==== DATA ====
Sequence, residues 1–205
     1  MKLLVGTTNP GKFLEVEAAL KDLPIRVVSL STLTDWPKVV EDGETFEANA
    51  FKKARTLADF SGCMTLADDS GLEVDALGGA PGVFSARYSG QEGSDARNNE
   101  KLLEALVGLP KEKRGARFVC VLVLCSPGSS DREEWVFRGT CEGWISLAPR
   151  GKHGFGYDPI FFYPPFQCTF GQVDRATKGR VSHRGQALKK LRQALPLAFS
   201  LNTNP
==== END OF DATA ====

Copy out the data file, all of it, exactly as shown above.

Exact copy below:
Sequence, residues 1–205
     1  MKLLVGTTNP GKFLEVEAAL KDLPIRVVSL STLTDWPKVV EDGETFEANA
    51  FKKARTLADF SGCMTLADDS GLEVDALGGA PGVFSARYSG QEGSDARNNE
   101  KLLEALVGLP KEKRGARFVC VLVLCSPGSS DREEWVFRGT CEGWISLAPR
   151  GKHGFGYDPI FFYPPFQCTF GQVDRATKGR VSHRGQALKK LRQALPLAFS
   201  LNTNP